State Street Hits $2 Trillion in Global ETFs Under Administration

The bank’s big growth area continues to be broad beta ETFs.

ETFs have been very good for State Street Corp.

As of January 31, 2017, State Street was managing more than $2 trillion in global ETF assets, and servicing 55% of the global industry’s ETFs and exchange traded products (ETPs) assets under management.

State Street was also named the recipient of the best custody service provider award at this year’s Fund Action ETF Innovation Awards. Past winners of these awards were chosen for their novel ideas, innovative fund products, and high service levels that helped both investors and clients.

In reaching the $2 trillion mark, Frank Koudelka, senior vice president at State Street, said more clients are continuing to bring their business to State Street “because of our commitment to the exchange-traded product structure, our ongoing investment in our proprietary, core platform, and our scale.”

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Koudelka said the bank’s big growth area continues to be broad beta ETFs that “still encompass the lion’s share of the market.”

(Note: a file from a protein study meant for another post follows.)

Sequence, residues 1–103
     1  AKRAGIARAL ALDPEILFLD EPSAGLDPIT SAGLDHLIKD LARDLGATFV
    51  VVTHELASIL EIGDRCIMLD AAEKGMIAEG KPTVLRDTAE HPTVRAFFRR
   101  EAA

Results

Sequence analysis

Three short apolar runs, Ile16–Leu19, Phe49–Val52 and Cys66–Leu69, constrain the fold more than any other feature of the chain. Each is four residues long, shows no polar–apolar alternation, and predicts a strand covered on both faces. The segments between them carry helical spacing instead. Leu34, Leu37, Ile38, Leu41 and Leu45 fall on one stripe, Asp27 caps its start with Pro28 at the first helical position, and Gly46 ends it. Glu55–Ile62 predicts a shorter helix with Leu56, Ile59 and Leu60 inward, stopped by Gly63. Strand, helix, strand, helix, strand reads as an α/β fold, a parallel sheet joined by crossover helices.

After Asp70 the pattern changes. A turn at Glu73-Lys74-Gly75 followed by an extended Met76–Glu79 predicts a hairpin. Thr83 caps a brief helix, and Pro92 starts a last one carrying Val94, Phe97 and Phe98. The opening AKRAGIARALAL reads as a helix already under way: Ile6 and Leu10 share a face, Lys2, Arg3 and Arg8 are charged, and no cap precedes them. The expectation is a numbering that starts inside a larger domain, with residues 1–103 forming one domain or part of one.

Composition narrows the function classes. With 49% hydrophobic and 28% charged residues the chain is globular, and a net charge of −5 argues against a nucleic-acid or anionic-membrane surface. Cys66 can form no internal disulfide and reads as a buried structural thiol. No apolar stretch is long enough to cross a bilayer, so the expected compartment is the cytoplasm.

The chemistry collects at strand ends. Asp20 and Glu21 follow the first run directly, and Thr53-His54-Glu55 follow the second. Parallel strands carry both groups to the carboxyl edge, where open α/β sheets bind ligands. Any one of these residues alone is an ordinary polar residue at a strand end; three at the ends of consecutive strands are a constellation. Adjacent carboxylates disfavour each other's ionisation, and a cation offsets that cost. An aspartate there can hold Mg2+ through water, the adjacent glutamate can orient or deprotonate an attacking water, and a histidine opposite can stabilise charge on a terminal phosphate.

“We have seen acceleration in the launches of smart and strategic beta and actively-managed ETFs,” he said. “The smart and strategic beta ETFs have been primarily across the equity asset class and actively-managed across fixed income.”

Another factor spurring ETF growth has been new trading strategies involving robo-advisory services and ETF strategists utilizing ETFs. He also has seen that more mutual fund asset managers are increasing their use of ETFs as an underlying holding in overall portfolios.

Looking forward, Koudelka said “the biggest gains in ETF trading will see the US market continuing to lead this market with a maturing retail and institutional marketplace. Most other global domiciles are dominated by retail or institutional. Having both of these markets adopting the ETF wrapper allows for increased liquidity via trading, narrowing spreads, and making the products more attractive for retail and advisor adoption.”

He also said that increased retail and advisor adoption will occur “due to migration of advisors to fee-based business. This should drive growth to robo-advisors and wrap/model portfolios. Additionally, fee pressure on active mutual fund managers will increase adoption of these strategies utilizing the ETF-wrapper. This will enable asset managers to maintain most of its fee, while reducing expenses like embedded commissions and shareholder servicing.”

However, he cautioned that some of this growth will be contingent on the regulatory environment regarding transparency requirements for active portfolios.


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